Romeo and Juliet at the Stratford Festival (a review)

The 2008 production of Romeo and Juliet at the Stratford Shakespeare Festival (Stratford, Ontario) has its moments. But the lead actors are so weak that the show can’t be recommended.

As directed by Des McAnuff, Shakespeare’s tragedy opens in 21st-century Verona, in a public square, with motorized scooters, young women text-messaging on their cellphones, and two servants of the Capulets who are itching for a fight with the Montagues. The brawl is broken up by authorities who wield (and fire) automatic pistols.

Gareth Potter as Romeo

Meanwhile, the pride and joy of the Montagues decides to crash the Capulets’ masked ball, along with his friends Mercutio and Benvolio, in the hope of meeting Rosaline, with whom he is infatuated. As Romeo sheds his modern clothing for his ball costume, the time of the play shifts backward four centuries to 16th-century Verona, where Shakespeare actually placed his play. (After the ball, the cast appears in nifty 16th-century costumes.)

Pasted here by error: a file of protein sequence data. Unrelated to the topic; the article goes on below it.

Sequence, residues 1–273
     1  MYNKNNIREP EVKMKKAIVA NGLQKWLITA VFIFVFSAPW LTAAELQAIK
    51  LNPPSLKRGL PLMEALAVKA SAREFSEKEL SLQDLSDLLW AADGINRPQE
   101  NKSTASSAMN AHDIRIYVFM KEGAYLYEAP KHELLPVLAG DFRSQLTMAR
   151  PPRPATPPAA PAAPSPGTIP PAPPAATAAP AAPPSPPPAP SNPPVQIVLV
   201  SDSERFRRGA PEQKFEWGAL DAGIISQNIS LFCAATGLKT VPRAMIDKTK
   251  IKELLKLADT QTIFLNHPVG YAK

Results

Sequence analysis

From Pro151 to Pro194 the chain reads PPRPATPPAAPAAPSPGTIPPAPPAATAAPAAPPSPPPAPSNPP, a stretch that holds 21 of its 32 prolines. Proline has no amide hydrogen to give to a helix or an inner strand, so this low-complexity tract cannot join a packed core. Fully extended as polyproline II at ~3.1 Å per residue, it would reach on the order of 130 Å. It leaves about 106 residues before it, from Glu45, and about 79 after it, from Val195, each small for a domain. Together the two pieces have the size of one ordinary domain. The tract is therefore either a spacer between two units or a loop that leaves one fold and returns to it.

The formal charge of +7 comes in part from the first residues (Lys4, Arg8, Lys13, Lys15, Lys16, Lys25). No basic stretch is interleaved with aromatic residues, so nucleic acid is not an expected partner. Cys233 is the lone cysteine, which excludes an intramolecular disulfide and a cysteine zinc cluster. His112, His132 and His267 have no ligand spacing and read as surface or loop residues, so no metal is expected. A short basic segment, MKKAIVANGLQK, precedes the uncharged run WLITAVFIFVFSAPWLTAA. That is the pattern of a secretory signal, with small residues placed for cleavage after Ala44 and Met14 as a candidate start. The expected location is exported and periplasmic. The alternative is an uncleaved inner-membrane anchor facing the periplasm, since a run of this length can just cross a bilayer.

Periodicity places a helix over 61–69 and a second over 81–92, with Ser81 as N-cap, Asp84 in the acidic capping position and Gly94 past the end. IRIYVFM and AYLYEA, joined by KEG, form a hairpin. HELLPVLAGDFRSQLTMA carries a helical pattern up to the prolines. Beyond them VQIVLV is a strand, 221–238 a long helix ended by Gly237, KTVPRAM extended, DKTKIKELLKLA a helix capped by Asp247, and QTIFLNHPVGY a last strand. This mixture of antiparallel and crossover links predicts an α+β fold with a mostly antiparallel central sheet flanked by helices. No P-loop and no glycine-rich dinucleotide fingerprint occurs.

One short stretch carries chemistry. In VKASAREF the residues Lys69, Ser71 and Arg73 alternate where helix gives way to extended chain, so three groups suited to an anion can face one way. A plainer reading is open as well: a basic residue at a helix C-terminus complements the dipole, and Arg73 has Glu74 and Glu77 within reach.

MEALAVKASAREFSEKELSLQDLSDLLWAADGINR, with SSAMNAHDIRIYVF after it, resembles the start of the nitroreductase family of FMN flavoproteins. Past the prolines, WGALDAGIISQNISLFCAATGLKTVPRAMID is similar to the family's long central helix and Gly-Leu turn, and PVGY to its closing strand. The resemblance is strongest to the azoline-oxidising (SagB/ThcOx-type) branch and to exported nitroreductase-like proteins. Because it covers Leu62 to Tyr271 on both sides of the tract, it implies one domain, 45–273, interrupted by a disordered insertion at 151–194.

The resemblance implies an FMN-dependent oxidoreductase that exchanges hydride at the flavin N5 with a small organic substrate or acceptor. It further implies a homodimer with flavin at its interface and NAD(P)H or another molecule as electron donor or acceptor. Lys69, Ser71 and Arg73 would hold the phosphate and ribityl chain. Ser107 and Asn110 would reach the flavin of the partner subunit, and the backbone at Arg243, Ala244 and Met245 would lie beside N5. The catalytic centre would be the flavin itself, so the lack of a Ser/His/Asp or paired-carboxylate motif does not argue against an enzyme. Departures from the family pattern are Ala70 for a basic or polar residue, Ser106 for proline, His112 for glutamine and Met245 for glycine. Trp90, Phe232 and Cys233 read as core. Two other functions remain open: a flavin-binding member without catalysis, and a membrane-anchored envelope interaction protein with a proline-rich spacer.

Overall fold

At the ball, Rosaline is forgotten when Romeo falls for the Capulets’ 13-year-old daughter Juliet. The attraction is mutual, and knowing that the Capulets will never consent to their daughter’s marriage to a Montague, the lovers arrange for Friar Lawrence, a local priest, to marry them secretly.

But Romeo (Gareth Potter) gets caught up in another streetfight with the Capulets and stabs Juliet’s favorite cousin Tybalt in a swordfight. Will Juliet (Nikki M. James) forgive Romeo for dispatching her cousin? Will Romeo escape punishment from the Prince of Verona, who is disgusted with the endless feuding? Will the violence escalate? Will the lovers ever be united?